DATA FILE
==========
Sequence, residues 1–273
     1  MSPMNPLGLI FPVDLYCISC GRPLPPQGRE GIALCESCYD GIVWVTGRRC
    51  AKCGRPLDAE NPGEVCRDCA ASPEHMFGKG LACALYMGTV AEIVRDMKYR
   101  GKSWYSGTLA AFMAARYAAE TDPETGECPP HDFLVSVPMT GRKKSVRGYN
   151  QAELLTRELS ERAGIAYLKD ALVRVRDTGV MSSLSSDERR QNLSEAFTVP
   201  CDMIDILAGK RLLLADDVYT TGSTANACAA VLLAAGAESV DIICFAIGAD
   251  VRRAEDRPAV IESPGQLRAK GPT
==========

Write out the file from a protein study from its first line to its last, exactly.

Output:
Sequence, residues 1–273
     1  MSPMNPLGLI FPVDLYCISC GRPLPPQGRE GIALCESCYD GIVWVTGRRC
    51  AKCGRPLDAE NPGEVCRDCA ASPEHMFGKG LACALYMGTV AEIVRDMKYR
   101  GKSWYSGTLA AFMAARYAAE TDPETGECPP HDFLVSVPMT GRKKSVRGYN
   151  QAELLTRELS ERAGIAYLKD ALVRVRDTGV MSSLSSDERR QNLSEAFTVP
   201  CDMIDILAGK RLLLADDVYT TGSTANACAA VLLAAGAESV DIICFAIGAD
   251  VRRAEDRPAV IESPGQLRAK GPT